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‘Pinocchio’ power play

Coppola attorney opens civil case

Setting forth the themes of blood feud and vendetta, Francis Ford Coppola’s attorney told jurors Wednesday they will hear a case about power and the abuse of power.

Portraying Warner Bros. in almost “Godfather”-esque terms, attorney Robert Chapman said the studio used its might to destroy Coppola’s dream of making a live-action version of the children’s classic “Pinocchio.” The studio killed the movie, Chapman said, to teach the famously maverick director a lesson.

Chapman told the jury in L.A. Superior Court that in the early ’90s Coppola was lured back to Warners with promises that things had changed since his bad experiences there a decade earlier.

Chapman said Coppola started to work on “Pinocchio” while his lawyers tried to negotiate a deal. The deal reached an impasse when Coppola asked for $5 million to direct and 15% of the gross — the deal he had just gotten from Columbia Pictures on the highly successful “Bram Stoker’s Dracula.”

Coppola’s position throughout this lawsuit has been that there never was a deal with Warners. The studio has disputed this, pointing to a producing agreement that was annotated by both sides but never signed, as well as a signed certificate of employment.

Although the judge ruled prior to trial in Coppola’s favor that these agreements were unenforceable, Chapman’s opening remarks suggest that much of the case will be consumed with that perennial question, “When’s a deal a deal?”

After a year and a half at Warners during which a script was written, Coppola concluded the project was going nowhere. In 1993, his attorney notified Warners that there was no deal on “Pinocchio.” Warners promptly told him that Coppola had an agreement with the studio.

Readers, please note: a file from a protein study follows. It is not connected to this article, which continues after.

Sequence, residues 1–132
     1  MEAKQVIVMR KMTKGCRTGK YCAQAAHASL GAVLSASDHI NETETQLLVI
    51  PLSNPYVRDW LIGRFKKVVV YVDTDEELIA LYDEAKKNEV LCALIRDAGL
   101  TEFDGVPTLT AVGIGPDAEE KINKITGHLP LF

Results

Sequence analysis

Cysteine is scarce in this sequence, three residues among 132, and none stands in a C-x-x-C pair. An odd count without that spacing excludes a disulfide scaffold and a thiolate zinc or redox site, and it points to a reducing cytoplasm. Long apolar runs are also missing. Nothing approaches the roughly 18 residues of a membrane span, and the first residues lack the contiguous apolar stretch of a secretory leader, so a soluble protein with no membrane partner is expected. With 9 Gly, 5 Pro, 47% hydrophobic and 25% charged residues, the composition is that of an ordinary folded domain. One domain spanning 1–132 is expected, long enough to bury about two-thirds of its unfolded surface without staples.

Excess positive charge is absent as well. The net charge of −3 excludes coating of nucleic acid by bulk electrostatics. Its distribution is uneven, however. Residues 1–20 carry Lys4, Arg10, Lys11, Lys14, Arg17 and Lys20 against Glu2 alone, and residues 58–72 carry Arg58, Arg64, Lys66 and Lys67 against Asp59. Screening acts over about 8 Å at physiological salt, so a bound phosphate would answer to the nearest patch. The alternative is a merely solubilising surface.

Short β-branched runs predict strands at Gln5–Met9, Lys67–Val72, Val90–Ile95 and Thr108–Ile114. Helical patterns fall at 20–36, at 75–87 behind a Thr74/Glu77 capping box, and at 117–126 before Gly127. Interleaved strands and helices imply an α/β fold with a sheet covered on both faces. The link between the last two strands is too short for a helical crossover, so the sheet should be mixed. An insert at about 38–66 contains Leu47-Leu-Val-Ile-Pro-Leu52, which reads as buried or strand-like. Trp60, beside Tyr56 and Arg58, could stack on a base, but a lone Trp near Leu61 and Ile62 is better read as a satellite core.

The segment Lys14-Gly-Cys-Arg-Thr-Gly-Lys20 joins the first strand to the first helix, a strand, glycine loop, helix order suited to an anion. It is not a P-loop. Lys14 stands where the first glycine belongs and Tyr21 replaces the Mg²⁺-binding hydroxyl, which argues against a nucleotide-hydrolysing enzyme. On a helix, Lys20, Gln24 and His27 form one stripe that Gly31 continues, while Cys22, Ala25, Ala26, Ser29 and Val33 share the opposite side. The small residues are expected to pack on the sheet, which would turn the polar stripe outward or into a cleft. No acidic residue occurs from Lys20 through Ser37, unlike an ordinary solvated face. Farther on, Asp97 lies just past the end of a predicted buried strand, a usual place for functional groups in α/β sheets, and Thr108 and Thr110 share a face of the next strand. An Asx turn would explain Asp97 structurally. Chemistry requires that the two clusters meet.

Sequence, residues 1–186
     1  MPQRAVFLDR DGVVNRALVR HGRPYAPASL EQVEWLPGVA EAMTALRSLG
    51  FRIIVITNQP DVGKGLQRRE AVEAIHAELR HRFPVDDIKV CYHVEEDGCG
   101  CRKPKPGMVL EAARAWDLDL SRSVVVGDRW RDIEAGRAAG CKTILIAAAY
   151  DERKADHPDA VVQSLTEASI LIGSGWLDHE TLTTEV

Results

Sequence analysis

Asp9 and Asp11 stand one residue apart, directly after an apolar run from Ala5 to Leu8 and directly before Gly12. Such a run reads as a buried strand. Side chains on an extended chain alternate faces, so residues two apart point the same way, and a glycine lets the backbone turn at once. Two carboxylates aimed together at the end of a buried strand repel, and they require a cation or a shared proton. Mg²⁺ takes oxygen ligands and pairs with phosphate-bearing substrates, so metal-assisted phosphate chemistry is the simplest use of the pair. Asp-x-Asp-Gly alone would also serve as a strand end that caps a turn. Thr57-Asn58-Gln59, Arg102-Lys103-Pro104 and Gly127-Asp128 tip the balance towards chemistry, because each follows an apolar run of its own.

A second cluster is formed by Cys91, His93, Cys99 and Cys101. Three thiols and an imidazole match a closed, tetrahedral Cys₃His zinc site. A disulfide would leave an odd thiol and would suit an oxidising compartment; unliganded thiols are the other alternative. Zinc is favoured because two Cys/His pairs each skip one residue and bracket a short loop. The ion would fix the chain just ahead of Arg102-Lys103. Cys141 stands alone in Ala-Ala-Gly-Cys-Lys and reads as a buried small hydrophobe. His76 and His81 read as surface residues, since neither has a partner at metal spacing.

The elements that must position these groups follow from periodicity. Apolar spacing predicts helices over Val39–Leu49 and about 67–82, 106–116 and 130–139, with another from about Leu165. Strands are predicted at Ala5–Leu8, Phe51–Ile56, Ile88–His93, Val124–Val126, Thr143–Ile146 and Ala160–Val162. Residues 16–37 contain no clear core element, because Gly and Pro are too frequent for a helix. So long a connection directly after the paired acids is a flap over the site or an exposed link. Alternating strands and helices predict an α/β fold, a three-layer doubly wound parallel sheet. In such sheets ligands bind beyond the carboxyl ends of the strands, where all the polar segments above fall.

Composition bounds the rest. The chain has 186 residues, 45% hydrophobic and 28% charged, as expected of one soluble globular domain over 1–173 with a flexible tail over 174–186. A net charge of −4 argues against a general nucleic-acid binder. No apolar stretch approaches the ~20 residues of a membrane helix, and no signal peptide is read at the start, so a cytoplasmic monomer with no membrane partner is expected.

The helmer nonetheless took a “brand-new ‘Pinocchio’ script” to Columbia. Under Coppola’s deal with Col, the studio would pay $26 million and Coppola would sell the foreign rights. According to Chapman, Col was unconcerned about the project’s previous history at Warners.

But a short time later, Chapman said, Warners notified Columbia that it had a prior deal with Coppola. After that, Col made the project contingent on resolution of the Warner Bros. situation, and Coppola’s foreign financing fell apart because of Warner’s interference. By the end of 1994, ” ‘Pinocchio’ was dead.”

Coppola is seeking $22 million in damages, which includes $9.2 million in lost fees. The remainder, which is sure to be challenged as speculative, is the portion of the gross Coppola would have received on “Pinocchio” if he had the same deal and the same boxoffice as “Dracula.”

Warners will make its opening statement today. Coppola is expected to be the first witness.

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